More Unaccompanied Migrant Children Being ‘Resettled’ in Texas than Elsewhere

border surge
by Bethany Blankley


The greatest number of unaccompanied children (UACs) arriving at the U.S. border are being “resettled” in Texas.

UACs have been sent to all 50 states and two U.S. territories, including Puerto Rico and the Virgin Islands, according to data from the U.S. Health & Human Services Department (HHS) and Office of Refugee Resettlement (ORR), tasked with their oversight and care.

From fiscal years 2015 to 2023, the greatest total number of UACs were sent to Texas, followed by California and Florida. Every year, the most populous states received the greatest number of children.

Texas received the most UACs in all nine fiscal years of 82,391, followed by California (68,249), and Florida (60,192).

From fiscal years 2015 to 2018, California received the highest number of UACs. By fiscal 2019, Texas began receiving the greatest number, and has every year, primarily followed by California, then Florida.

From March 2003 to July 2022, ORR says it has cared for more than 409,550 children. The overwhelming majority arriving are males by a roughly 70-30 split, according to ORR data.

According to federal law passed in 2003, “When a child who is not accompanied by a parent or legal guardian is apprehended by immigration authorities, the child is transferred to the care and custody of” the ORR. Federal law requires ORR to provide UACs with food, shelter, and medical care and release them “to safe settings with sponsors (usually family members), while they await immigration proceedings.”

ORR defines sponsors as “adults who are suitable to provide for the child’s physical and mental well-being and have not engaged in any activity that would indicate a potential risk to the child,” who has passed a required criminal background check. The sponsor “must agree to ensure the child’s presence at all future immigration proceedings” and ensure that the minor reports to ICE “for removal from the United States if an immigration judge issues a removal order or voluntary departure order,” according to federal law.

Multiple reports have been published highlighting serious deficiencies of ORR oversight, including allegations of sexual abuse of children in ORR-contracted facilities.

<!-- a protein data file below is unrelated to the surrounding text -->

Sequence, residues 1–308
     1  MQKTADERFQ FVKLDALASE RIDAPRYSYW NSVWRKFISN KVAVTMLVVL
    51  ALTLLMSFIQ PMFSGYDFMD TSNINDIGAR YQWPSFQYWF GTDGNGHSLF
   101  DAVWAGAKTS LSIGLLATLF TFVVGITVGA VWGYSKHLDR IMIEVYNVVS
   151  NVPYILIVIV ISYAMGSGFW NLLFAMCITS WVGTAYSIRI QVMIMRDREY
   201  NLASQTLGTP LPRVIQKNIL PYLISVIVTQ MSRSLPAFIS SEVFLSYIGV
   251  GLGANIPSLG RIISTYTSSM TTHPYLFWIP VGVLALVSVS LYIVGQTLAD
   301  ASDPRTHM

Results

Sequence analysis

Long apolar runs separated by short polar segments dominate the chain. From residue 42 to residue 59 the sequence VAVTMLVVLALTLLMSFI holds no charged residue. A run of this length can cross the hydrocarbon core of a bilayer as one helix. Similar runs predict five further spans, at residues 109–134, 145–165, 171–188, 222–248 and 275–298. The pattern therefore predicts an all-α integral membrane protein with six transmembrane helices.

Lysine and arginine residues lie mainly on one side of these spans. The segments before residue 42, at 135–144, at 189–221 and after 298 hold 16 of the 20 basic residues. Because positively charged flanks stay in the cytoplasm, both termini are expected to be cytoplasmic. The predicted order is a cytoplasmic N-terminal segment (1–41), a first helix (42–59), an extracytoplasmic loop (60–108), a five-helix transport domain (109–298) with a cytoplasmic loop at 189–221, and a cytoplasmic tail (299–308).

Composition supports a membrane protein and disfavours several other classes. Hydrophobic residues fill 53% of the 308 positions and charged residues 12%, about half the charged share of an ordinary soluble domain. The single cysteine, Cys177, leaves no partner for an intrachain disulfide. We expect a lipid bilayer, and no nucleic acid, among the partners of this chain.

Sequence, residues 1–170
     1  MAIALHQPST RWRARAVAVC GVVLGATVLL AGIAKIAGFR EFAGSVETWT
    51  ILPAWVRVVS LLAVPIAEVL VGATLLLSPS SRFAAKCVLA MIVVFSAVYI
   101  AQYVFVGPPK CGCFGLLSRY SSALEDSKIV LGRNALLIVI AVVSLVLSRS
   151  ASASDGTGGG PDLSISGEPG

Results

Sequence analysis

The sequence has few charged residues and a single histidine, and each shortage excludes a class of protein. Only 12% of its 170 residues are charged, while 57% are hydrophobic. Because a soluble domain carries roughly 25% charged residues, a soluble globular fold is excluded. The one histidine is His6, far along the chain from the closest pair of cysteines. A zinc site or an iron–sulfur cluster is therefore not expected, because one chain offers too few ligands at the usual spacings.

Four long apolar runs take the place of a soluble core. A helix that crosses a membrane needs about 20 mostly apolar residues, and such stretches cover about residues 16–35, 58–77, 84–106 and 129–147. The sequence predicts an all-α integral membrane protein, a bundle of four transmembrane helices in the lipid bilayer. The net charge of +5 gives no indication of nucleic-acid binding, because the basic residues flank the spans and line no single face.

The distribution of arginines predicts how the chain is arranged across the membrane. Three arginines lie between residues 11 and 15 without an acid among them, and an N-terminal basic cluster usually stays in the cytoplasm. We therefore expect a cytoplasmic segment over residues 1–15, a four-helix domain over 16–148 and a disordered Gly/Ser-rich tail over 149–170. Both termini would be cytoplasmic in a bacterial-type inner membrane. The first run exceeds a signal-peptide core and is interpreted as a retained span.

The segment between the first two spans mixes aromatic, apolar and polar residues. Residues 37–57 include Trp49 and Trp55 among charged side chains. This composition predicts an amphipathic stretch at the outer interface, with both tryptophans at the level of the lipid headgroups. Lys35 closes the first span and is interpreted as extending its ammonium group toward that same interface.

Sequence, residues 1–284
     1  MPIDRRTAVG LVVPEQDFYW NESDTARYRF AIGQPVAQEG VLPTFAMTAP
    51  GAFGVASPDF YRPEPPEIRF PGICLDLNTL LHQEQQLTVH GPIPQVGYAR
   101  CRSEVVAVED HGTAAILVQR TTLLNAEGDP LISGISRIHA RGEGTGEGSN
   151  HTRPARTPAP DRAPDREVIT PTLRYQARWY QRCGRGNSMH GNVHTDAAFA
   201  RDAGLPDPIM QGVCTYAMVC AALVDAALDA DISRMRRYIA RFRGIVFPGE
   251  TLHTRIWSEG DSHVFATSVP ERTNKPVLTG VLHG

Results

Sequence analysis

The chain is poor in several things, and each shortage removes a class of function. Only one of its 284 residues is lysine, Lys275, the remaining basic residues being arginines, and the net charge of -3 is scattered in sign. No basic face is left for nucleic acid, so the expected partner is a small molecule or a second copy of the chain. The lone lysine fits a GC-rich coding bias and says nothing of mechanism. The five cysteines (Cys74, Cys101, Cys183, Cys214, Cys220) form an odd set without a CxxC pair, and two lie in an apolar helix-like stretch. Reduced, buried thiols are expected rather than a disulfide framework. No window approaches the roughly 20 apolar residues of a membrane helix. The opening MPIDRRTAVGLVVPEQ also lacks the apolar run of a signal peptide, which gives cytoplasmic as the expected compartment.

A Florida grand jury report found the Biden administration was “facilitating the forced migration, sale, and abuse of foreign children,” through the ORR’s UAC resettlement program. “This process exposes children to horrifying health conditions, constant criminal threat, labor and sex trafficking, robbery, rape and other experiences not done justice by mere words,” it concluded.

Florida Gov. Ron DeSantis called for the grand jury to convene, clarifying that “Florida receives no information on backgrounds, criminal history or immigration status of the UAC brought here, nor does the state have any assurance the UAC are in-fact minors.”

Florida Attorney General Ashley Moody called on Congress to investigate, which resulted in hearings this year. UACs have been placed with unrelated individuals and put in situations “where they are subject to abuse, including rape, molestation, and effectively forced to work to pay for their travel to the United States in violation of child labor laws,” Moody said.

HHS states that it has “strong policies in place to ensure the privacy and safety of unaccompanied children by maintaining the confidentiality of their personal information,” and has historically not communicated with state governments where children are sent. It claims this is because the “children may have histories of abuse or may be seeking safety from threats of violence” and “may have been trafficked or smuggled.”

While it won’t release information about individual children that it says “could compromise their identity or location,” it does disclose how many UACs are sent to states and counties.

From fiscal 2015 to 2023, the overwhelming majority of UACs were released in Texas, followed by California and Florida.

Under the Obama administration, in fiscal 2015, California received 3,629 UACs, Texas 3,272, and Florida 2,908.

By fiscal 2019, under the Trump administration, Texas received 9,900 UACs, California 8,447, and Florida 7,408.

In the first full fiscal year of the Biden administration, in fiscal 2021, Texas received 15,341 UACs, Florida, 11,145, and California, 10,773.

The outlier year was fiscal 2022, when all three states received the highest number of UACs in recorded history: Texas (19,071), California (13,730), and Florida (13,195).

In fiscal 2023, Texas received the most (16,394), followed by California (11,121) and Florida, (10,542).

In fiscal 2023, 22 Texas counties received UACs. The majority were sent to Harris County (over 6,000), Dallas County (over 3,200) and Travis County (over 1,700), according to HHS ORR data.

In California, 21 counties received UACs in fiscal 2023. Los Angeles County received the most (nearly 4,000), followed by Alameda County (nearly 900) and Orange County (nearly 600).

In Florida, 29 counties received UACs in fiscal 2023. Miami-Dade County received the most (nearly 2,000), followed by Palm Beach County (over 1,500) and Lee County (over 900).

These numbers exclude all children arriving in family units being released into the U.S.

The top states that received the most UACs in fiscal 2023, rounding out the top 10, were New York, Maryland, Virginia, New Jersey, North Carolina, Tennessee, and Louisiana.

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Bethany Blankley is a contributor to The Center Square. 





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